20 billion dollars a year - that is the worker's compensation cost estimate for Repetitive Stress Injuries (RSI) according to the Department of Labor and Occupational Safety and Health Administration (OSHA). Indeed, today's most costly occupational health issues are in the shoulders, wrists, and upper body.
If you are a software developer or someone who works on a computer most of the day, you find yourself sitting for hours on and perhaps prone to aches and pains in the areas mentioned above. The purpose of this blog is to shine some light on the risks involved with the simple sitting position.
The International Ergonomics Association defines ergonomics as "the scientific discipline concerned with the understanding of the interactions among humans and other elements of a system, and the profession that applies theoretical principles, data and methods to design in order to optimize human well being and overall system." Put simply, it's about adapting your work environment to the job and making it healthier.
I am certainly not an expert on the topic, but here are a few insights I'd like to share.
If you must sit, invest in a good chair
Your chair should be adjustable in height, provide arm rests, as well as lumbar support. OSHA recommends the following position to minimize the risks of RSI.
From your feet up, your heels need to be flat on the ground and your legs at a 90 degree angle. Your back should be straight and your arms resting so your shoulders stay relaxed. The line drawn from your elbow to your middle finger should be straight so as to prevent any bending in the wrist that could yield to wrist injuries.
But is it the best option?
Though an ergonomic sitting position is recommendable, new research suggests that assuming such position for long hours is not the better option. Sitting for long periods may yield to a shorter life span. For women, according to the American Cancer Society study conducted in 2010, sitting for over 6 hours a day correlated with a life expectancy 37% shorter than those women who only sat 3 hours or less. For men, the percentage was even higher: 48%. It is assumed that sitting for long periods prevents some important muscular groups to work and are at blame for chemical imbalance and occupational health issues.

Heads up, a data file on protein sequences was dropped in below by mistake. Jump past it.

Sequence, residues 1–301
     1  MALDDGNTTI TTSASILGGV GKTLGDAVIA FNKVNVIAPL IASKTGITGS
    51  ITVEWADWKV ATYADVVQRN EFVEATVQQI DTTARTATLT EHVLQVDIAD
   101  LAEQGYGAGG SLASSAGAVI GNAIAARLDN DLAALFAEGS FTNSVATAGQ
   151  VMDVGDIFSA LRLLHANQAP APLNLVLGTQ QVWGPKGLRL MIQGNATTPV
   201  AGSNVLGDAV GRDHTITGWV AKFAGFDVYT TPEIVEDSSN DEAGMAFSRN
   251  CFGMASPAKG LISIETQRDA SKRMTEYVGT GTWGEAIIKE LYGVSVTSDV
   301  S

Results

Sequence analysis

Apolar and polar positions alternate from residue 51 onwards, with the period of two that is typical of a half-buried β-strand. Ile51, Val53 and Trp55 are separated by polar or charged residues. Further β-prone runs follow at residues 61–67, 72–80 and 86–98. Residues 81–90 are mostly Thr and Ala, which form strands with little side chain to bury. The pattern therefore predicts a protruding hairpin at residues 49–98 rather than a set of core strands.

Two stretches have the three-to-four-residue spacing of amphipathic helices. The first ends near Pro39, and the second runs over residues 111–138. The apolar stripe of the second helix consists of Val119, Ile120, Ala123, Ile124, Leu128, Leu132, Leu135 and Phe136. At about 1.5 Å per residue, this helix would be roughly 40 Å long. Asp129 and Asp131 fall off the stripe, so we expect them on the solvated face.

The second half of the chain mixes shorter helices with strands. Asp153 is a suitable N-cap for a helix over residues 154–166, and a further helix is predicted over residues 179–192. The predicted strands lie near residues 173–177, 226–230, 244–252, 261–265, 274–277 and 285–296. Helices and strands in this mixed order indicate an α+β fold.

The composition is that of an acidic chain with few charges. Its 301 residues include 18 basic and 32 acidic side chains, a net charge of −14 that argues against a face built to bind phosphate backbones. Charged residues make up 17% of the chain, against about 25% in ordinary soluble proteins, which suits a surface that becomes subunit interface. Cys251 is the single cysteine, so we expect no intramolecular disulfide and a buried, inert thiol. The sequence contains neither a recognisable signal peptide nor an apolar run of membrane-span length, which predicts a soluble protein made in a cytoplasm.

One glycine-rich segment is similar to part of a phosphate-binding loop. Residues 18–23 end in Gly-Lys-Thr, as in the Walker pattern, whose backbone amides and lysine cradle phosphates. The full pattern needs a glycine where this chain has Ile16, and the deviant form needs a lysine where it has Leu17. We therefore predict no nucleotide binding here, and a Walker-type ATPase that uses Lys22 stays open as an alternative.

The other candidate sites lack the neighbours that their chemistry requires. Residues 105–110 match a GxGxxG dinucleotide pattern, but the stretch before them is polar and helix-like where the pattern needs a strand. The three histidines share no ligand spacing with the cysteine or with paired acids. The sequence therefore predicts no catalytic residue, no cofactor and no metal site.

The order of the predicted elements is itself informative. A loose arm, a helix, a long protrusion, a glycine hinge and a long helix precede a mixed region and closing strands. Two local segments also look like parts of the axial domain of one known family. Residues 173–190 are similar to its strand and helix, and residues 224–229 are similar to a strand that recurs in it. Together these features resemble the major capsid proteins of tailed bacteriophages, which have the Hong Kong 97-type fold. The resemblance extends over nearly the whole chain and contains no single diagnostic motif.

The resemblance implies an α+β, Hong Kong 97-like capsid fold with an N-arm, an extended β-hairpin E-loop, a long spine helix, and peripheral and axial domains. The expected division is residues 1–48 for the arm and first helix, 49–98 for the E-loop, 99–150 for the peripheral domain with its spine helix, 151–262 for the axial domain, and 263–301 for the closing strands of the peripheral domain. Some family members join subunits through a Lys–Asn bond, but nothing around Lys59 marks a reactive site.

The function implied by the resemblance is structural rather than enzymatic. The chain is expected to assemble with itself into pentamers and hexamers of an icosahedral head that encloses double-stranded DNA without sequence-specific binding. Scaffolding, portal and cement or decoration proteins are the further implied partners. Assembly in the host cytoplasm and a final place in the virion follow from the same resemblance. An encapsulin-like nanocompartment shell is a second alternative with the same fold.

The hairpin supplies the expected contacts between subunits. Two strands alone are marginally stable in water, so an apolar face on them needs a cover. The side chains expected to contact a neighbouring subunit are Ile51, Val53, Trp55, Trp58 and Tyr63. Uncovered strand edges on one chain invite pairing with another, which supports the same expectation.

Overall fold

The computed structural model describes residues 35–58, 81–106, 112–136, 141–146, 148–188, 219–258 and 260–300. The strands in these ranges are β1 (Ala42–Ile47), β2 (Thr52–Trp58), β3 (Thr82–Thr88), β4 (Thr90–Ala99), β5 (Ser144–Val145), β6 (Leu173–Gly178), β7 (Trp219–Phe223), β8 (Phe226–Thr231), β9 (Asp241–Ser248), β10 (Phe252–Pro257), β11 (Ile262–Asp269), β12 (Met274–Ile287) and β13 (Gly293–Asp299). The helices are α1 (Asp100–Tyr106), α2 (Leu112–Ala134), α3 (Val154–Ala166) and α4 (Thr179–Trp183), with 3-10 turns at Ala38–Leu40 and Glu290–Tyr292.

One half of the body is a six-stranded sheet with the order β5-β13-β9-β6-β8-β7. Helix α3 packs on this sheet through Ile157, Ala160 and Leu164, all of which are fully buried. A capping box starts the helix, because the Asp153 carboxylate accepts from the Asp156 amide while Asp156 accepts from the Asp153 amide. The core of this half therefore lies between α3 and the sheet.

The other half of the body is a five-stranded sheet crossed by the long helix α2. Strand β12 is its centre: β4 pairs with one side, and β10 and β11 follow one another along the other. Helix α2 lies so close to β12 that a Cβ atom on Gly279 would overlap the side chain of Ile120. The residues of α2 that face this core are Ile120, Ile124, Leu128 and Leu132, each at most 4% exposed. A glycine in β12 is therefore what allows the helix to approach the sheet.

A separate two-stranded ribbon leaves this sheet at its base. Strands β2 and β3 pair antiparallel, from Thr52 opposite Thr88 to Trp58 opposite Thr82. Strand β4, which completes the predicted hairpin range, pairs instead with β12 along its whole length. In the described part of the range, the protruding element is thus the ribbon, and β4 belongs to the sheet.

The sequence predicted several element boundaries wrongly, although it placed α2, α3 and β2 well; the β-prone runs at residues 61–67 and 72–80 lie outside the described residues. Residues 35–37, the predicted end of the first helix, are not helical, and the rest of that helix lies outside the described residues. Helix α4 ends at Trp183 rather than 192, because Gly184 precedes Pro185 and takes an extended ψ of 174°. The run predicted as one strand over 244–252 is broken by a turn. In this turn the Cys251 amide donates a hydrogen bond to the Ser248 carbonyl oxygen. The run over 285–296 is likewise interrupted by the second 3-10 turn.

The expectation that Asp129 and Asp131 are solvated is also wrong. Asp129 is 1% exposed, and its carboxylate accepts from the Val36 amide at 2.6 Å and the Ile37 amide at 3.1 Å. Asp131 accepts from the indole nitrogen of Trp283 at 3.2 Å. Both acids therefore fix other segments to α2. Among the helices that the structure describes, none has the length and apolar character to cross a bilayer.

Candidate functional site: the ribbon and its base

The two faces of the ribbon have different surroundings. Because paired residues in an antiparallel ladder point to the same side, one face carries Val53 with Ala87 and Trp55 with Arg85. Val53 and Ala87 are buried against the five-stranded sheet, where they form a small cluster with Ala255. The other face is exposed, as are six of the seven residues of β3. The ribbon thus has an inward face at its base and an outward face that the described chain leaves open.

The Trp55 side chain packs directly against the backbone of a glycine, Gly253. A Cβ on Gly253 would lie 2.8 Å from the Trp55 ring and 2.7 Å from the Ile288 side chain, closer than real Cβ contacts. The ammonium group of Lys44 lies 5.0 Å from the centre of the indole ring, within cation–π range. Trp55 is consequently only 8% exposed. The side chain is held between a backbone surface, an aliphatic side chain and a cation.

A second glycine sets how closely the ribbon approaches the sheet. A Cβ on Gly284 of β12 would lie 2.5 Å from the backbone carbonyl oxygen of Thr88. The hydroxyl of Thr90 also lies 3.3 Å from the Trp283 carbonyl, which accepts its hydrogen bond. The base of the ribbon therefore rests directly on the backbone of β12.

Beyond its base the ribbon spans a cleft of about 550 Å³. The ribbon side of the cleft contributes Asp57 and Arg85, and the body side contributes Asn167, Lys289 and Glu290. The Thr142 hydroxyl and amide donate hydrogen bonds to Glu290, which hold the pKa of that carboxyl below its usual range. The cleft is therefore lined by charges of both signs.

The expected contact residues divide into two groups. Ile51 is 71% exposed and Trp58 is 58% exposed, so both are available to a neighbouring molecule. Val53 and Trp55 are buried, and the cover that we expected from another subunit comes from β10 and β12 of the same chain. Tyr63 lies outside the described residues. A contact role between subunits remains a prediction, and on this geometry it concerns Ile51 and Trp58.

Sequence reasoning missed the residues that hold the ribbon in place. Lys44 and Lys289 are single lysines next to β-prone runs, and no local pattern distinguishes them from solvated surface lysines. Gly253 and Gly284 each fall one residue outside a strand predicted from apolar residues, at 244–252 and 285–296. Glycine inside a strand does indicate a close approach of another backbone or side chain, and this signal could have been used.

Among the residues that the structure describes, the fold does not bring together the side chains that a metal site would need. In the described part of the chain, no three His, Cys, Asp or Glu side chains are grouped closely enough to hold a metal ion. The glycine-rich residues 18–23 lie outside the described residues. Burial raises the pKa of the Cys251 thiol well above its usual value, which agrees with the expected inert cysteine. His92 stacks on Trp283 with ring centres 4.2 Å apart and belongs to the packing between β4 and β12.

So get up, stand up!
Standing seems to be the position that ensures better health. One more point for the male audience if not convinced yet: standing could be a better way to promote fertility. According to Sheykin's study published by the American Society for Reproductive Medicine, sitting, and worse, sitting with a laptop (including with a lap-desk), can be associated with increased scrotal temperature, which in turn negatively affects sperm count. So if you are a man who wants children some day, know that standing is a better option for you.
In conclusion, sitting too much is an integral part of our workstations in our offices, but hopefully, we will see more standing workstations appear as they promote better health and longetivity. Perhaps some of us even get the option to walk while standing, but that's for another interesting discussion. I will defer to my colleague's website on his view of the topic.